401(k) plans may allow an employee to receive a distribution of elective contributions (employee deferrals) on account of a hardship. The regulations provide that a distribution is made on account of hardship only if the distribution is made on account of an employee’s immediate and heavy financial need and is necessary to satisfy the financial need. The regulations provide that certain safe harbor distributions will be deemed to meet the “immediate and heavy financial need” requirement (for example, deductible medical expenses); however, plans are required to substantiate that the distribution meets the requirements for the specific type of safe harbor distribution.
The regulations do not provide much guidance on what is required for substantiation. In the past, the Internal Revenue Service (IRS) has issued informal guidance in its Employee Plans News publications in 2009 and 2015. It has also provided tips for an Employee Plans (EP) exam on the IRS website. However, the prior guidance, while helpful, has not been extensive. Recently, the Acting Director of EP Examinations issued a memorandum to its employees regarding substantiation guidelines for safe harbor distributions. While the memorandum is not legally binding, it does provide very helpful insight into what plans should do to meet the substantiation requirements, and it will, as a practical matter, be helpful in the event of an audit.
The memorandum directs EP employees conducting an examination to look for two things. First, EP employees are directed to obtain “source documents” such as “estimates, contracts, bills and statements from third parties.” Second, EP employees are directed to obtain a summary of the information contained in the source documents. The summary should include certain notifications made to the employee before the hardship, as follows:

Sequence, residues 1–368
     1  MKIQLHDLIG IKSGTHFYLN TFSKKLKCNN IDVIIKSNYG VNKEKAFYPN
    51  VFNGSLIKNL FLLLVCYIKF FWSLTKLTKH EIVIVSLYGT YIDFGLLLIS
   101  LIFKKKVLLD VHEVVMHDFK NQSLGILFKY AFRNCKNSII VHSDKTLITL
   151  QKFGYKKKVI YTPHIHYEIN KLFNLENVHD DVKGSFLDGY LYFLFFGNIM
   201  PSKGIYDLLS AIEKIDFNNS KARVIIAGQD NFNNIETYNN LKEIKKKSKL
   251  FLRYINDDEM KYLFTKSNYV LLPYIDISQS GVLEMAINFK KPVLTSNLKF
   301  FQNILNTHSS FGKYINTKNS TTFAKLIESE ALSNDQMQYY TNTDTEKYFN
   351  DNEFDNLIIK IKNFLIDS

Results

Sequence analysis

- The hardship distribution is taxable and additional taxes could apply.
- The amount of the distribution cannot exceed the immediate and heavy financial need.
- Hardship distributions cannot be made from earnings on elective contributions or from qualified nonelective or matching contributions, if applicable.
- The recipient agrees to preserve source documents and to make them available at any time, upon request, to the employer or administrator.
The memorandum then directs the EP employee to take further action if the notifications are incomplete (such as requesting source documents) or if there are more than two hardship distributions in a year. The memorandum is particularly helpful in setting forth very specific information that the EP employee should look for in the source documents. For example, for distributions necessary to prevent foreclosure or eviction, the following specific information should be requested:
- Is this the participant’s principal residence?
- Address of the residence
- Type of event (foreclosure or eviction)
- Name and address of the party that issued the foreclosure or eviction notice
- Date of the notice of foreclosure or eviction
- Due date of the payment to avoid foreclosure or eviction
Employers and third-party administrators who assist with plan administration should take note of the specific lists in the memorandum for each type of safe harbor distribution.
If you have any questions about hardship distributions or other employee benefits matters, please contact one of the attorneys in the Employee Benefits & Executive Compensation Group at Bradley.